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whipcracking tricks[edit]

last month I've stumbled upon a TV programme about some cowboy festival in America. A lady did amazing tricks with the whip including hitting a penny off the tongue of her partner. `'Míkka 18:41, 30 July 2007 (UTC)


The physics section mentions a vacuum, which is incorrect. The crack comes from the shock wave produced when the whip exceeds the speed of sound, and this does not create a vacuum. I checked the reference for it and it doesn't mention anything about a vacuum either. (Jatoo (talk) 12:55, 8 January 2008 (UTC))

in the explanation, the part where is says "the top of a car's wheel moves twice as fast as the car itself" seems not only counter-intuitive but also wrong. It is true that it's in the source but i can only suppose that is wrong. If no one responds to this in a week i'll change the article. C. M. - Engineering Student —Preceding unsigned comment added by (talk) 02:08, 28 July 2009 (UTC)

don't. - Altenmann >t 03:48, 28 July 2009 (UTC)
I know this is an old post. But I assure you it is correct, however counter-intuitive it may or may not be. It can be demonstrated from the kinematics. Mostly for anyone else who doubts it: Imagine a moving car. The top of the wheel is moving forward with respect to the car at the speed of the car and the bottom is moving backward at the same rate. From a person standing on the ground though, the top is moving twice as fast and the bottom is completely stationary(if not it means the wheel is slipping).-- (talk) 12:01, 15 April 2011 (UTC)

I agree with user Jatoo. A whip is not a car wheel. A loop in a whip is =not= analogous to a tire on a car. It is neither rigid nor fixed to an axle that imparts linear motion. There are at least three possible modes of motion in a whip that will cause it to crack. At least two of them do not involve forming a loop in the whip. See: for information about modes of whip motion. This entry needs editing and I will undertake that in a few days. — Preceding unsigned comment added by (talk) 18:26, 22 September 2011 (UTC)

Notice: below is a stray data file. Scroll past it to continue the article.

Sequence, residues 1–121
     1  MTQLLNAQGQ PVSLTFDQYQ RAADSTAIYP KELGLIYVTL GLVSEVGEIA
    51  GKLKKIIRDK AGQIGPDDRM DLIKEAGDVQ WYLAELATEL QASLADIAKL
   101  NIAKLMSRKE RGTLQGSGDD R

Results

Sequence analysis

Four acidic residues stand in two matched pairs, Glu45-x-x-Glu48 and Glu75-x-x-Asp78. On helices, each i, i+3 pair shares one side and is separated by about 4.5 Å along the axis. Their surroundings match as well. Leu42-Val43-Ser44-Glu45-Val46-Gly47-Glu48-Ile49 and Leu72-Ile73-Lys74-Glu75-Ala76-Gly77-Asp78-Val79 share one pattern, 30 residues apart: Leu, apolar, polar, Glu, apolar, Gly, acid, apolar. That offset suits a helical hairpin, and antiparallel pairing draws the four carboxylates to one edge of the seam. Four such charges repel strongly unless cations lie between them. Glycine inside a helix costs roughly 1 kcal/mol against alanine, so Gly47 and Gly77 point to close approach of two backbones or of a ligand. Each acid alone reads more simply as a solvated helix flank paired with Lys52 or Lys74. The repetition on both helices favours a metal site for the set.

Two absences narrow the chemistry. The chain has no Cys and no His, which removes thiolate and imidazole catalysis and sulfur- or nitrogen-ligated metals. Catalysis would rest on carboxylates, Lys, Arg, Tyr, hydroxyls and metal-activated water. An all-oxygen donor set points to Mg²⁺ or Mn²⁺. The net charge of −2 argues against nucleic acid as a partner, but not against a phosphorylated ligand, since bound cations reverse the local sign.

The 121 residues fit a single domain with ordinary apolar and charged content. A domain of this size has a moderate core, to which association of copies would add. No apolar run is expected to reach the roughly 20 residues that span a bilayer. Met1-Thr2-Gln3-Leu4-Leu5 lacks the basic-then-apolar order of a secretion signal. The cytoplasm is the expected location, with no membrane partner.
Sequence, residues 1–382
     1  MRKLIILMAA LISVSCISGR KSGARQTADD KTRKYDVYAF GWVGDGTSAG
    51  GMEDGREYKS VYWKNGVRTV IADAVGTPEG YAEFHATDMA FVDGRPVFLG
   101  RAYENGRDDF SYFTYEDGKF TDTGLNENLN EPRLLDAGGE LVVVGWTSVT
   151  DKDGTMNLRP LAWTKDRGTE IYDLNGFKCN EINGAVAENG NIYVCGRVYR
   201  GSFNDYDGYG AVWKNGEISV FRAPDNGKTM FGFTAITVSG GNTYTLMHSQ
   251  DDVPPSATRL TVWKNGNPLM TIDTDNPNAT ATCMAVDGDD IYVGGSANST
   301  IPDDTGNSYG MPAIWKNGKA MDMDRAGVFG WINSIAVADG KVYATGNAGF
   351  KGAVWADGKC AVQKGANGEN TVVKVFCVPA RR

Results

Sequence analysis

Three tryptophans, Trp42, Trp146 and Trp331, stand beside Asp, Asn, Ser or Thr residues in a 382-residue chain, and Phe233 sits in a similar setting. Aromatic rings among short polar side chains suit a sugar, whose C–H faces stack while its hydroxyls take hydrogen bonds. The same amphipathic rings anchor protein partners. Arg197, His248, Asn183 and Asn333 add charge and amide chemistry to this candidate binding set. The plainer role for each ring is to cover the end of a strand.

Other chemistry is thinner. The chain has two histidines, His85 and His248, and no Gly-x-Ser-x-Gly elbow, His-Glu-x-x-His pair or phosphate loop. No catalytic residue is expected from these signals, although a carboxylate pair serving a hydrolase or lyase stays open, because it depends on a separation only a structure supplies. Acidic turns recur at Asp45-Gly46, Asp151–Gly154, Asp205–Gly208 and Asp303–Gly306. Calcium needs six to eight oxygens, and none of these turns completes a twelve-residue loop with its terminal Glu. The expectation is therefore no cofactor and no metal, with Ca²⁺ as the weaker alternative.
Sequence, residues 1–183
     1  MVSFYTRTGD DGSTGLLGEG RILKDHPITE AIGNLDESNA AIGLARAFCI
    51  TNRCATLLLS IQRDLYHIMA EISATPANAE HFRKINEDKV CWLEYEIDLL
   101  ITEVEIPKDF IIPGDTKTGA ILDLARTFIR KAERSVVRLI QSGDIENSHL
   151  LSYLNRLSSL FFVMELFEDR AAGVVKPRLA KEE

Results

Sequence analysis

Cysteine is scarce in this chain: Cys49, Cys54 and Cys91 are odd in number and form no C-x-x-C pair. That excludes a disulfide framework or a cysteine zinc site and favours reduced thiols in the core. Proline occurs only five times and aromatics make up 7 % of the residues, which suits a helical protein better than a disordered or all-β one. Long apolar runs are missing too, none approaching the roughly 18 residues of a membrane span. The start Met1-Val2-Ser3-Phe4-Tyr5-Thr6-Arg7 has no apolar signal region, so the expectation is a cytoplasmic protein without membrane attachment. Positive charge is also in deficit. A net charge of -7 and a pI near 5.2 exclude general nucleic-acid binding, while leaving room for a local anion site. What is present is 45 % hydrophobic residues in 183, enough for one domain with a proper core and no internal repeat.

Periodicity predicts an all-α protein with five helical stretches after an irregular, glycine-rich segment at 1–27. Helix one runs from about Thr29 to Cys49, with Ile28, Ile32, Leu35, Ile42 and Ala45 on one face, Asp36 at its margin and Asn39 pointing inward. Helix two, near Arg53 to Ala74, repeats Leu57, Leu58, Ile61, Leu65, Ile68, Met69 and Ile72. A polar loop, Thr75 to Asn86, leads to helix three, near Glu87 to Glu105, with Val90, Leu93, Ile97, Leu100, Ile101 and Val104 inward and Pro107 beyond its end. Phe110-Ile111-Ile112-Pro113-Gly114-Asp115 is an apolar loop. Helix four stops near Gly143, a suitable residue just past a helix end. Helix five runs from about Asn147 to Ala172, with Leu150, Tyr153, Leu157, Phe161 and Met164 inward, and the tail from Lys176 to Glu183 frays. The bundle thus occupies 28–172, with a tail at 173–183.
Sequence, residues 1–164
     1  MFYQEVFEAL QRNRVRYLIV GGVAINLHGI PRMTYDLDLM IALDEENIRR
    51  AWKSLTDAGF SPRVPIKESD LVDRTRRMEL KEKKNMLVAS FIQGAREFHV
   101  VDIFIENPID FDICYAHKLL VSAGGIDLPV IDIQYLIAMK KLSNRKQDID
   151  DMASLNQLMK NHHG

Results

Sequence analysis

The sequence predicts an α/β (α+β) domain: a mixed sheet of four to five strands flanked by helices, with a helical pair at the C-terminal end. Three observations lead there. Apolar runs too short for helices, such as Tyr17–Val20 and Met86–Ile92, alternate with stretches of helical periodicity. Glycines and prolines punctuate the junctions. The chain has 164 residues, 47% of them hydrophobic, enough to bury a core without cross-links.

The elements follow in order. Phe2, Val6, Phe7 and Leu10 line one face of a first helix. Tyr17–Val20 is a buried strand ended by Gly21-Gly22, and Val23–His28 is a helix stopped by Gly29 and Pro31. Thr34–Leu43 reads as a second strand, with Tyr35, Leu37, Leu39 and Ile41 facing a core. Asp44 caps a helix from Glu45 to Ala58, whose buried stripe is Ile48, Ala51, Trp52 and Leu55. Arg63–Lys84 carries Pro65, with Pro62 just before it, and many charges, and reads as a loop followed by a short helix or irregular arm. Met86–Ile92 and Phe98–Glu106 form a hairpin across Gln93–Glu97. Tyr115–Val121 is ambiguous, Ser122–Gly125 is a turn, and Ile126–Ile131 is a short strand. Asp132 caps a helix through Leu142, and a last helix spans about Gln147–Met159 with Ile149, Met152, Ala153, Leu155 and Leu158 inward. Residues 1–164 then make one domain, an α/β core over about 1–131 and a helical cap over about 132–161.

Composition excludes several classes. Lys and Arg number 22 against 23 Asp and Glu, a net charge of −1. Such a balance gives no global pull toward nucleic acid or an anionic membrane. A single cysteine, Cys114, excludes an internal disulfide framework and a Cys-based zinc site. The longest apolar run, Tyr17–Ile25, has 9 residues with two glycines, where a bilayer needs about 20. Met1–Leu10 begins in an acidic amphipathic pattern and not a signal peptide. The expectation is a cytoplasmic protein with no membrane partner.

Correction: I agree with user C.M., not user Jatoo in my above statement. In addition I will point out two more significant differences between a whip and a wheel: Whips easily exceed the speed of sound and the end of the whip can move more than an order of magnitude faster than the handle. Wheels seldom exceed the speed of sound and the maximum linear speed of the circumference of a vehicle wheel is always exactly twice the speed of the vehicle. These differences alone should make a thoughtful person suspect there is something basically different about the nature of the phenomena. — Preceding unsigned comment added by (talk) 22:36, 22 September 2011 (UTC)


The thing about the 3rd British Whipcracking thing is outdated, somebody fix it. — Preceding unsigned comment added by (talk) 00:30, 27 March 2008

200 decibels?[edit]

This is beyond extremely loud, and would make a cannon sound like dead silence by comparison; See This article and section. I don't suppose anyone has a more plausible number and a source for it? TJSwoboda (talk) 19:04, 4 June 2009 (UTC)

I went ahead and changed it. Even though the cited Discover article gives the 200 decibel figure, I cannot fathom this being right. If an expert can prove me wrong though, please do so. :) TJSwoboda (talk) 19:15, 22 June 2009 (UTC)

Physics - Dubiosity on what is conserved[edit]

At present the article mentions conservation of momentum as the reason for the tip acceleration, however it is actually conservation of energy at play. The distinction is perhaps subtle (both would lead to tip acceleration) but they are different things and would lead to different quantitative result. Source-wise, this PDF (mentioned in an earlier talk topic) explains the crack in terms of energy conservation. Also there is this paper on a related effect for partially falling chains, also explained in terms of energy conservation. (That article is what brings me here. See also related discussion at Talk:Self-siphoning_beads.)

Physics wise I can offer two easy insights. First, there are forces applied between the stationary whip body and the tip, and there is tension all along the body of the whip. These forces transfer momentum between the tip and the person doing the whipping. The forces are oriented such that they decrease the momentum of the tip. Second, if tip momentum p were conserved then the energy (p2/2m) would increase as the tip mass m decreases -- where does this energy come from? In fact it is energy p2/2m that is conserved; momentum decreases as 1/sqrt(m), yet speed increases as sqrt(m). Hence, the crack. --Nanite (talk) 13:43, 25 October 2014 (UTC)

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